Kaiser's criminal history includes two convictions for robbery in the first degree (1977) and convictions of abuse of family and household member (2001), theft in the second degree (1994), DUI (1994), disorderly conduct (1991 and 1995), possession of firearm by person convicted of certain crimes (1982), resisting arrest (1982), promoting detrimental drug in the third degree (1982), unauthorized control of propelled vehicle (1982), theft in the first degree (1982), contempt of court (1981), and robbery in the second degree (1977). Kaiser had been given multiple opportunities for probation that were later revoked when he failed to comply with probation conditions.
Yet despite Kaiser's abysmal record, Circuit Judge Steven Alm was willing to give him another opportunity to demonstrate that he was genuinely remorseful and willing to take responsibility for his actions. At Kaiser's change of plea hearing in September 2004, Alm indicated that he was inclined to sentence Kaiser to probation with credit for the 80 days of prison time he had already served in the prosecuting attorney's case. Alm granted Kaiser's request to set aside his $12,000 bail and release him on his own recognizance until his sentencing so that he could purportedly continue to work.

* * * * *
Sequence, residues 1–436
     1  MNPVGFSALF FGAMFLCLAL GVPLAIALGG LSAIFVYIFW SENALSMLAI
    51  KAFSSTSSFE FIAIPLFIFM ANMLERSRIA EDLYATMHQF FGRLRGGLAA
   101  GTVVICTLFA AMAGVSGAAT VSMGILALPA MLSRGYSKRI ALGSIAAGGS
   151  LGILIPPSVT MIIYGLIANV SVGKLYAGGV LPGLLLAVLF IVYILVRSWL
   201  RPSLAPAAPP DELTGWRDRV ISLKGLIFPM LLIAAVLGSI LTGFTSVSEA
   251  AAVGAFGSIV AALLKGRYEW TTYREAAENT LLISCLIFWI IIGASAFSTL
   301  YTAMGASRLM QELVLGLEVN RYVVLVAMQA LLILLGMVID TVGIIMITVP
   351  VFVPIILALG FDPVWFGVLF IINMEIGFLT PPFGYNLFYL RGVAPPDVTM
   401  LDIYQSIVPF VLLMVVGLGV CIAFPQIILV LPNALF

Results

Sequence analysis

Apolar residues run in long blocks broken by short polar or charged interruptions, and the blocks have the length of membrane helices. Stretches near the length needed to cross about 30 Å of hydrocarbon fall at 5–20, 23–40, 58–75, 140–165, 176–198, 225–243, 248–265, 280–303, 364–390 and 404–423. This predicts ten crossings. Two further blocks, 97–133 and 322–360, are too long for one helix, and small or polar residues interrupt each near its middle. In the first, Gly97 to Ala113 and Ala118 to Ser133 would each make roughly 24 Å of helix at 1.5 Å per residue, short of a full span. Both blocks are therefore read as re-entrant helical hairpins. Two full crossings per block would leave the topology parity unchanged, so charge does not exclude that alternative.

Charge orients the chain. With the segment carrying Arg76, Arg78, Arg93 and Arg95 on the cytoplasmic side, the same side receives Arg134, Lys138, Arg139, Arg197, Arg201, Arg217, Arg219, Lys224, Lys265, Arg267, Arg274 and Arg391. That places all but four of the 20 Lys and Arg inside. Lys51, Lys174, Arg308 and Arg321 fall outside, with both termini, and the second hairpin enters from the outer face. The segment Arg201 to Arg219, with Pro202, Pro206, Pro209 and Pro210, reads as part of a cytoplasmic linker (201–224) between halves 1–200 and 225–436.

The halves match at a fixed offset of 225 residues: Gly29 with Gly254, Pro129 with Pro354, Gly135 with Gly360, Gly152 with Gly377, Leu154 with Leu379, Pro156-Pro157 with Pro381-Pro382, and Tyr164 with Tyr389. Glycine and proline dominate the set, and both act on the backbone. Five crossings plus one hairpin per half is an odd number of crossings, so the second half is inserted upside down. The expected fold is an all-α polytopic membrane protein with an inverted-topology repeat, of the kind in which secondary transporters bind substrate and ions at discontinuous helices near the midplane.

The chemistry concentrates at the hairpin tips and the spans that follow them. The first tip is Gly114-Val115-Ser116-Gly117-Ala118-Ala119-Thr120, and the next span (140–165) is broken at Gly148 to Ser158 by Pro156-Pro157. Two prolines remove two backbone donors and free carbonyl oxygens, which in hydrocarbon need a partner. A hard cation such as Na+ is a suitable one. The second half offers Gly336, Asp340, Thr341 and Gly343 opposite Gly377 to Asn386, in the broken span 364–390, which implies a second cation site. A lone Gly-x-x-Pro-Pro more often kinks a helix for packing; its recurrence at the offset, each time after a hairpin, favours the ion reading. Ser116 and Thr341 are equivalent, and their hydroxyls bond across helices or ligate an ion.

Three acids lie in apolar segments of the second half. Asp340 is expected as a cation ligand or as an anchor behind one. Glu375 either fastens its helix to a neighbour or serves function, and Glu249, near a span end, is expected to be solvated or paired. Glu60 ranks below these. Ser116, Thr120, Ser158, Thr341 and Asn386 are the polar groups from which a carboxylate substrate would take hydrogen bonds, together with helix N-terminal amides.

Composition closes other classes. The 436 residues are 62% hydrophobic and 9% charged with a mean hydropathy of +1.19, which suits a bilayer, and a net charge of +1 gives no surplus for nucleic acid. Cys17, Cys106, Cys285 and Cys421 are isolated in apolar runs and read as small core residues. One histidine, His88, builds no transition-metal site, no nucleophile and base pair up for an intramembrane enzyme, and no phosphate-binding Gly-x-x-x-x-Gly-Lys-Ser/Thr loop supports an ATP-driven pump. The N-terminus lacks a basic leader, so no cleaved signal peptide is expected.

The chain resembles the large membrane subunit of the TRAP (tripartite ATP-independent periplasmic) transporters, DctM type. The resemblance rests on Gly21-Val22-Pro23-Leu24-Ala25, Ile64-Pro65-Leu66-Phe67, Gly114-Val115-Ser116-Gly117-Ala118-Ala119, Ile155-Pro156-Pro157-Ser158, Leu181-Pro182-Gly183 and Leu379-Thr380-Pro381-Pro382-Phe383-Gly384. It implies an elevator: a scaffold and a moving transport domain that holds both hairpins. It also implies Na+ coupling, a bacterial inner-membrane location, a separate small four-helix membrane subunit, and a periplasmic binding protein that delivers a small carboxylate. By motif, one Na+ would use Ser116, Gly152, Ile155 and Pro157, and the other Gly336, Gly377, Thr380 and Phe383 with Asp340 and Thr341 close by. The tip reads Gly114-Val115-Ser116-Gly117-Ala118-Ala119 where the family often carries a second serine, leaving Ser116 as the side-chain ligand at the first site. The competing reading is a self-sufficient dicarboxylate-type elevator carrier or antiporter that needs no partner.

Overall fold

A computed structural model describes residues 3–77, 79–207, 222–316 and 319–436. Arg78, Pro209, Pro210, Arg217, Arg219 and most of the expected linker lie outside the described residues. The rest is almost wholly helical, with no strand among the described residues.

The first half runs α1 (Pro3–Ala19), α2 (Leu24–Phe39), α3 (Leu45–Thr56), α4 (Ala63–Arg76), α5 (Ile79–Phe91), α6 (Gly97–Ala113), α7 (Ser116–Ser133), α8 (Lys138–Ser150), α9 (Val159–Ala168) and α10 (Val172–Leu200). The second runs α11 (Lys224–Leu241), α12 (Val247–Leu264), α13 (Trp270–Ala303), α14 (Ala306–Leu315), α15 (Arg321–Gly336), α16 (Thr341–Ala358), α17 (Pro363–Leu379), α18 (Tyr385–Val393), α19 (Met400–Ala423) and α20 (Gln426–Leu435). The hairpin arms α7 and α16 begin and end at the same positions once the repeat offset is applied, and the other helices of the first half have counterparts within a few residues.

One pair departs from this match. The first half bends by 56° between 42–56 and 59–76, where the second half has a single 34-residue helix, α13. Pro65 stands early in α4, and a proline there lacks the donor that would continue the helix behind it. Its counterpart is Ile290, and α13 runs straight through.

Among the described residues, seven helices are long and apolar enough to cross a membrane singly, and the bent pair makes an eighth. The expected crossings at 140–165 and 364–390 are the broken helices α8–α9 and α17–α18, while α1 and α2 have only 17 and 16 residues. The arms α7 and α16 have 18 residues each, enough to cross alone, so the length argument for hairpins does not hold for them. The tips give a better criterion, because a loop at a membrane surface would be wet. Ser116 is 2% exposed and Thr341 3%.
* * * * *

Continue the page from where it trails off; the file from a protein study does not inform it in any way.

In flagrant violation of the court's trust, Kaiser failed to show up for his November 2004 sentencing, and the court properly issued a warrant for his arrest. Kaiser remained at large until his arrest in July 2005, and was sentenced one month later.
Alm rightly considered these and other relevant factors in deciding Kaiser's sentence. Kaiser had every opportunity for a lenient sentence, but his conduct clearly demonstrated his lack of remorse and unwillingness to be held accountable for his actions. The sentence he received was fair and well deserved.
State Deputy Attorney General